OD Photo Prize 2023 | Shortlisted Artist
“Beyond their clear aesthetic beauty, what struck me most about Chloe Milos Azzopardi’s pictures in this series is how profoundly moving they are. Gently visually reminiscent of the cult performance and land artists of the 60s and 70s (arguably one of the most seminal periods of experimentation and discovery in photo history), these works are likely to linger with viewers in a similar way, buzzing with a certain prophetic energy. What I love about them most is how they almost seem to have tumbled from some eco-sci-fi film or book, offering us an emotive vision of our humanity and how we connect with the environment today.“ – Joanna Cresswell
Selected by Joanna Cresswell
Writer, researcher and editor
Chloé Azzopardi [b. 1994] is a visual artist living on an island in the outskirts of Paris. She works on long term projects mixing photography, performance and installation. At the intersection of experimental and documentary photography, her images generate fictional worlds, whose strangeness and sensoriality are exacerbated. Her research revolves around ecology, new technologies and the construction of post-capitalocene imaginaries.
Artist Statement | “Non technological devices » are composite tools made from gleaned natural elements, assembled to mimic the technological devices that populate our daily lives. Between rudimentary productions and science-fiction creations, these objects are as much prolongations of bodies as they are hindrances. Associated with invented artefacts whose use remains to be discovered, they create together a fictional universe that functions as a mirror held up to our fantasies of the future.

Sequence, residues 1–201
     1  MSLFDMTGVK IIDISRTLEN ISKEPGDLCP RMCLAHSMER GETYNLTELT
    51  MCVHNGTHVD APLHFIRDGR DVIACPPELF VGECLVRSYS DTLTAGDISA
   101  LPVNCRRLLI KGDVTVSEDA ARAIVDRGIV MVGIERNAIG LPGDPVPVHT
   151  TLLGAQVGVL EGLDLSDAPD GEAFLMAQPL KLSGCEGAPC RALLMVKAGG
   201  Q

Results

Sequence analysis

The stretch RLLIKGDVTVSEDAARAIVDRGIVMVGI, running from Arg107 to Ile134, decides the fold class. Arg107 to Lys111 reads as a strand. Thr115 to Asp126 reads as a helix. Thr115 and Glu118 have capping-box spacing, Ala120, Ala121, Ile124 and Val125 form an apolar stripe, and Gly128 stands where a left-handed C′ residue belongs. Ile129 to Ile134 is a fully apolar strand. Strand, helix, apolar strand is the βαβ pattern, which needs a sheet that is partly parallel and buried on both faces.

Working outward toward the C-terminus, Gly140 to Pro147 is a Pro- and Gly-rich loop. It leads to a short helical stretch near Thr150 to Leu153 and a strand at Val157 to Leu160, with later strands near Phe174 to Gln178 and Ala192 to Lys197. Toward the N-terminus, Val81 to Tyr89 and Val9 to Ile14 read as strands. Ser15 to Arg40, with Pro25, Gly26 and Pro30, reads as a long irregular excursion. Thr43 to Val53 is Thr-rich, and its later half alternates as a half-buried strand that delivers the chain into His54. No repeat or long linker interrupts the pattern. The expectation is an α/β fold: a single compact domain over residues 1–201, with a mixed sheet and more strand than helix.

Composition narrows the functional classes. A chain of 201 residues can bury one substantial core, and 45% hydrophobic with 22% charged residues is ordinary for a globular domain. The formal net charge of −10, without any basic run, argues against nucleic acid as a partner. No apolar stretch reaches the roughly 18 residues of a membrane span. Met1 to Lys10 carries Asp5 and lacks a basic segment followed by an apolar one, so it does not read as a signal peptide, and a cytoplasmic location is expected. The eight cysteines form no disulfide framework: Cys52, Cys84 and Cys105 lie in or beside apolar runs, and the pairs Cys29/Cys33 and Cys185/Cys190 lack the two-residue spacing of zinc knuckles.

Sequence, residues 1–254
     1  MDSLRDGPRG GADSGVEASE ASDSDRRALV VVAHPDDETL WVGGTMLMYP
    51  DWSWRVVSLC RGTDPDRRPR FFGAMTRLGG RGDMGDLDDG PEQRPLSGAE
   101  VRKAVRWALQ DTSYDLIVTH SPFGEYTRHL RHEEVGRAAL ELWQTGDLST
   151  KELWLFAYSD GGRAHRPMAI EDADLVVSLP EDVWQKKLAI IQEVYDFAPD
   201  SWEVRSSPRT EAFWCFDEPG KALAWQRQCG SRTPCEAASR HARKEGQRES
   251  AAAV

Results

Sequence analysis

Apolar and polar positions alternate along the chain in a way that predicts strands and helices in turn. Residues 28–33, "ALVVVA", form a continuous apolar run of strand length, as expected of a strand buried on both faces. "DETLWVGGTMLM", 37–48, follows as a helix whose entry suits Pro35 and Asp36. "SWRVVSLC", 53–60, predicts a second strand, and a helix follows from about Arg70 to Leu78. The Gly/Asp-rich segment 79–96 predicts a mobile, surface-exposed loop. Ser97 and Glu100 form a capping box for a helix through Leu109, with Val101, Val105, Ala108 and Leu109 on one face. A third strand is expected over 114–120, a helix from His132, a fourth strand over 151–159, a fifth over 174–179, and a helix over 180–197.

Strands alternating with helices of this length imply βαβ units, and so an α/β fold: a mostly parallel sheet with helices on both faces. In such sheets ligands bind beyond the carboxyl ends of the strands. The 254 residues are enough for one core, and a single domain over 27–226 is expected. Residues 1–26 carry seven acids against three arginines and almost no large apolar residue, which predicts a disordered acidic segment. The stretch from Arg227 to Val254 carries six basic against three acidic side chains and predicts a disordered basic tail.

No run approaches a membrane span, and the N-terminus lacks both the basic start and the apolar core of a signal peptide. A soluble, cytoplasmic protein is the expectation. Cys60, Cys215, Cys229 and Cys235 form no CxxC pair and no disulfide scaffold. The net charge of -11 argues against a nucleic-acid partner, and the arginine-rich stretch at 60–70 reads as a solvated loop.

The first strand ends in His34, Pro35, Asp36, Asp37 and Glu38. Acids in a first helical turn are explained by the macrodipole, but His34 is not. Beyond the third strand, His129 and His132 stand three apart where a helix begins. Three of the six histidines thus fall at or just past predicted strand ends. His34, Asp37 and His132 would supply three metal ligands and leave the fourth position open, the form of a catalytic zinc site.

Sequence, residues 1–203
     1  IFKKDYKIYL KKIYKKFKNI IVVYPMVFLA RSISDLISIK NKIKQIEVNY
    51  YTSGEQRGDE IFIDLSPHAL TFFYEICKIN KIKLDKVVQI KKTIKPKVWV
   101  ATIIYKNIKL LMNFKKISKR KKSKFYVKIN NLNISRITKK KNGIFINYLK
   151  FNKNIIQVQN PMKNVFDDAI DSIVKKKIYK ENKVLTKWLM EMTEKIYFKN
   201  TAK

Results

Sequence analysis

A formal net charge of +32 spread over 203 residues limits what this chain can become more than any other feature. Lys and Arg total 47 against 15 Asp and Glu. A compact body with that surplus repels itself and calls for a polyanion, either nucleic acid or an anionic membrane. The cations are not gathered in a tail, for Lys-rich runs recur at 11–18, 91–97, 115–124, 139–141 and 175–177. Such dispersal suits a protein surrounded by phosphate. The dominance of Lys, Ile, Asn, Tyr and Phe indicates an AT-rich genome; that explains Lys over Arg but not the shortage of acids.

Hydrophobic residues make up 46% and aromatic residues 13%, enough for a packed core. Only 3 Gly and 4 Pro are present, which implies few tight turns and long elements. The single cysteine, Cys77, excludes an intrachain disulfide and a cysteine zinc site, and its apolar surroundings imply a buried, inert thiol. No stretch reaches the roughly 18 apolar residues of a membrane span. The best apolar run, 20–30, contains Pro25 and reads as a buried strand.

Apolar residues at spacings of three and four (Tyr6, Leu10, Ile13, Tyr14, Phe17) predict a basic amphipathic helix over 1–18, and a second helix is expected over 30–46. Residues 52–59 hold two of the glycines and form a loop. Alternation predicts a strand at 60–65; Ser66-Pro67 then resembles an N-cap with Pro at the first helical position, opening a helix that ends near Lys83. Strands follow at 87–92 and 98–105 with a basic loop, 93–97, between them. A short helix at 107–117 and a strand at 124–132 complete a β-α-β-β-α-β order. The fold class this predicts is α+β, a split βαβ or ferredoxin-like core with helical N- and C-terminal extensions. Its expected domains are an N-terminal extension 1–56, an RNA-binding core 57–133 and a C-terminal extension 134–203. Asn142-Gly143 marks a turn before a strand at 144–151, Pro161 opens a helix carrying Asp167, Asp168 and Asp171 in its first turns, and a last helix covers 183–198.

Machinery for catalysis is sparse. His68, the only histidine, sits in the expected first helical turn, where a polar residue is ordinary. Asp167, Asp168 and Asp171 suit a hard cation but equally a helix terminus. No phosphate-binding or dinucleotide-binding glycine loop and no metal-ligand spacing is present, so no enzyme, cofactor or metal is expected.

With this project the artist wishes to create new desires, to generate images that can be resources for our imaginaries. How can we show an alternative future in the face of our dreams of a hyper-artificialized and technologized world? Using fiction and play, Azzopardi seeks other ways of imagining augmented lives, creating organic cyborgs whose aim would be to inscribe the body differently in the environment. She uses the poetic diversion of artefacts that are symbols of technical progress to question our relationship with the living and the disappearance of the earthly “resources” used to build the components of our technological objects. Dealing with human intervention on nature, our relationship to technology and the overexploitation of the planet, this research explore other forms of cohabitation with the earthly living and opens up avenues of reflection on what could be an iconography of ecological self-defence.” – Chloé Azzopardi
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